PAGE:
[web-devel] Yesod performance

Michael Snoyman michael at snoyman.com
Fri Apr 15 11:56:53 CEST 2011

On Fri, Apr 15, 2011 at 3:34 AM, Aur Saraf <sonoflilit at gmail.com> wrote:

> First, the nice people at #haskell (specifically it was <sm>, but
> there were many other helpful people there like <ksf> and others whose
> names I won't remember) made me swtich from fastcgi to warp. I didn't
> think it would be relevant, since my performance problems were all
> memory-consumption-related, but it turned out to speed my code by
> orders of magnitude. Everybody switch to warp! :-)
> Intriguing. I'm writing the 0.8 migration guide now, and I'm putting in a
comment about moving to Warp.

> Second, I've been thinking about the performance bounds of a Yesod
> app. As in, given an app that has no leaks etc', where can I expect it
> to perform better than imperative languages I'm familiar with, where
> can I expect it to perform worse?
> The biggest limits imposed by Yesod that I thought about were:
> * [Char] - not in Yesod 0.8
> * Persistent always takes a full row - shouldn't matter much in
> practice, especially if persistent is lazy and doesn't parse columns I
> don't care about

Actually, Persistent is *not* lazy in this regard. The idea is to avoid any
kind of errors in pure code: if you get a record from Persistent, you know
that it's valid. As I've said in the past: if anyone is really suffering
badly from this aspect of Persistent, they can always drop down to raw SQL
for the queries in question.

> * No joins in DB - being solved as we speak
> * All page must be generated before it is sent if we plan to use Widgets --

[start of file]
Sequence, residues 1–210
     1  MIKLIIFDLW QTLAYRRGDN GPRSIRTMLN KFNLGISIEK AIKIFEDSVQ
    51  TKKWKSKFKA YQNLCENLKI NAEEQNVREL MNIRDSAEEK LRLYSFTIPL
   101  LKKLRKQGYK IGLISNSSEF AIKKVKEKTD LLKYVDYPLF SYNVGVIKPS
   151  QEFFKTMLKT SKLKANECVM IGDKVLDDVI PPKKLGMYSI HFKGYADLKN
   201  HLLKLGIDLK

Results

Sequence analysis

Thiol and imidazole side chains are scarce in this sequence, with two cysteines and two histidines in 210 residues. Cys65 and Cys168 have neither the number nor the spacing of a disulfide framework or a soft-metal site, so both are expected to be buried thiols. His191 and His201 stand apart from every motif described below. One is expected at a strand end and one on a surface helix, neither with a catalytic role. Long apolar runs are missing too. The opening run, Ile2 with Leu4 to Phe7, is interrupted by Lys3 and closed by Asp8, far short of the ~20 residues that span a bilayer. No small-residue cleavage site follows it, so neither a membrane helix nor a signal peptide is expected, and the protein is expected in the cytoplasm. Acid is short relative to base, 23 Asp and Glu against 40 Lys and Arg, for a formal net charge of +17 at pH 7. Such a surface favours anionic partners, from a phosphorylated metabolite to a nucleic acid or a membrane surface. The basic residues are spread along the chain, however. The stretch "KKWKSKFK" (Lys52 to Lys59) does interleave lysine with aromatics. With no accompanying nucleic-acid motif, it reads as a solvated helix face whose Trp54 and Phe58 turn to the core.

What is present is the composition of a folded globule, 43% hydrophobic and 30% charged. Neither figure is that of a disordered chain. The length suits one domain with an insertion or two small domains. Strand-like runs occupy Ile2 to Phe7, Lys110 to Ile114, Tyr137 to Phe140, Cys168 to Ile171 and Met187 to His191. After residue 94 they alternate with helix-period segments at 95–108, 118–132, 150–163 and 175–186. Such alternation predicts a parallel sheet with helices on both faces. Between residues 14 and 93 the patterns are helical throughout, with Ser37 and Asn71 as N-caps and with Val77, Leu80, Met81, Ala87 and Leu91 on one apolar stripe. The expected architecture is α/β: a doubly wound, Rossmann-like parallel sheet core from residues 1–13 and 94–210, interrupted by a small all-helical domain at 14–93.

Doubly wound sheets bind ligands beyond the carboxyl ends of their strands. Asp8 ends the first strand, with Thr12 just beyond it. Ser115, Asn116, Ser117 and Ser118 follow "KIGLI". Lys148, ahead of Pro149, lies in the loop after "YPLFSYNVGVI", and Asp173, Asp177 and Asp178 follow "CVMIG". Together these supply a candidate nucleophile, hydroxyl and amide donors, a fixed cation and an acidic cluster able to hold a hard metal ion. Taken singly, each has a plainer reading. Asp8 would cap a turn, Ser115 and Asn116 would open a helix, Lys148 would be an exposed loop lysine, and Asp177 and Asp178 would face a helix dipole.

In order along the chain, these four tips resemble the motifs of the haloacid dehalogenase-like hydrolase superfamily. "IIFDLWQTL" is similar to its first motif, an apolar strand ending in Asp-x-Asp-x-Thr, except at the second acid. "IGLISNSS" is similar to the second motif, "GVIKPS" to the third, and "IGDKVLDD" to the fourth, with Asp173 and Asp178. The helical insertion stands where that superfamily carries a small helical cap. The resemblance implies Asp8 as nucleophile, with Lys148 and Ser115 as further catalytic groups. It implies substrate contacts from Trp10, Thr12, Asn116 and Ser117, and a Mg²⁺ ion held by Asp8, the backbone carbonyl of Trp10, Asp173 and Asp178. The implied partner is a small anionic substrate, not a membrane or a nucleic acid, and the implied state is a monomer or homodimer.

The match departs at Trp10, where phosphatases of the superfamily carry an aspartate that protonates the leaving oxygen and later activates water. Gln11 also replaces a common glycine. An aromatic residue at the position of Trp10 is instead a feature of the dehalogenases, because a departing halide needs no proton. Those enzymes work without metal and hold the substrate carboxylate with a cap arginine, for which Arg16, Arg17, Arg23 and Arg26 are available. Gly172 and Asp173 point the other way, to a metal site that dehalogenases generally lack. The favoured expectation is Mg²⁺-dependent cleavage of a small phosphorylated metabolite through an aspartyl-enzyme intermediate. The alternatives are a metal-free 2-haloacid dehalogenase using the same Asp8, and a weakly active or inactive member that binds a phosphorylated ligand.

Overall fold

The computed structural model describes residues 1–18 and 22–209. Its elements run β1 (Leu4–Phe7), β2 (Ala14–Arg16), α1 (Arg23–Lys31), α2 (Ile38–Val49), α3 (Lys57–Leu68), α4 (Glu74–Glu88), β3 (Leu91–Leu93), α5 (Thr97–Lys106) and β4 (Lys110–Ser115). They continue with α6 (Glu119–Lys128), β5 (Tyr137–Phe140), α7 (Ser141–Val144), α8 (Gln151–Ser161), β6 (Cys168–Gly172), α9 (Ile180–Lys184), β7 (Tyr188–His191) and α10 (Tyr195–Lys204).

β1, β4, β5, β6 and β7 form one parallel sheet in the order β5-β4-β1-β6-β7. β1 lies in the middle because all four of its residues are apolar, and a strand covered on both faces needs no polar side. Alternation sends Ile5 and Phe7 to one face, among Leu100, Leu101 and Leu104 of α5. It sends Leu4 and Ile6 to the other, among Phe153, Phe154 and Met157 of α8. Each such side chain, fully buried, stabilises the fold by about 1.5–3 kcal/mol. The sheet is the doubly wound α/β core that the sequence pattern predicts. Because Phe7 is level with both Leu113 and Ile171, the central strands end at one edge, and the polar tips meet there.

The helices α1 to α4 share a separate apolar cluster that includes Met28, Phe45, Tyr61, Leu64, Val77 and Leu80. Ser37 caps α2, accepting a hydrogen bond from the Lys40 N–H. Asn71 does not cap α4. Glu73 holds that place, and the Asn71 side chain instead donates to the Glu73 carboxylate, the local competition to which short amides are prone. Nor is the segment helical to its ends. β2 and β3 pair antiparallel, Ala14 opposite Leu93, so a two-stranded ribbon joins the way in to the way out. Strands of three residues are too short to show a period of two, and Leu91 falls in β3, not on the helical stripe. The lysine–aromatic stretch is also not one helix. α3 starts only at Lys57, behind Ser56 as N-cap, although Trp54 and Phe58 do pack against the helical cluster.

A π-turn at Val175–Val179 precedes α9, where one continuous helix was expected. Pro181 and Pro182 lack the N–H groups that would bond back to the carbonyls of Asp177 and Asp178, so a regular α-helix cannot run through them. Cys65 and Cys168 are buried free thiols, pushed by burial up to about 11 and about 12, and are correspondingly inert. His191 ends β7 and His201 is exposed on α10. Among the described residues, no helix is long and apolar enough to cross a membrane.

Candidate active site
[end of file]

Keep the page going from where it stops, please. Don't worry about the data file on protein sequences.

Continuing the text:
> Well, that's not *exactly* the case. Yesod does not provide an easy way to
interleave IO with page responses. The reason for this is that interleaving
IO introduces the possibility of errors, and once a page response has begun
it will be impossible to change the HTTP status code. That's not to say that
we *shouldn't* provide such a mechanism, just that there's a good reason not
to provide it as the default.

I'm open to ideas for this, but my guess is that this will need to wait
until post-1.0.

>  Well, this one is interesting. It seems to be very much against
> Haskell nature, that is so lazy and nice, and I think in my code it
> might actually make performance difference. So I thought -- isn't it
> possible to extend Hamlet to work in an Iteratee too?
>  What do I mean? Something like:
>  rows <- selectEnum ...
>  hamletAction [$hamlet|
> <html>
>  <head>
>  <body>
>    $for row <- rows
>      <p> #{rowDescription row}
>    <p .fineprint> (c) Aur Saraf etc' etc'
>  That would expand to a monadic action that creates chunks of HTML
> while reading the rows Enumerable.
>  Is there any serious technological problem with this approach? Or
> just choosing a nice extension of Hamlet that would allow running
> monadic actions in it like functions are allowed today, without
> affecting the simplicity of the API?
> Cheers,
>  Aur
> PS Michael, is it possible in Yesod to have two selectEnum-s "running"
> at the same time? Otherwise you'd only be able to work with one query
> at a time in this way...
> I think it's possible to interleave two enumerators. I suppose it really
depends on the database backend: will it allow two queries to run
simultaneously. I'm 95% certain that both the PostgreSQL and SQLite backends
will perform properly here, though I can't speak for the MongoDB one.

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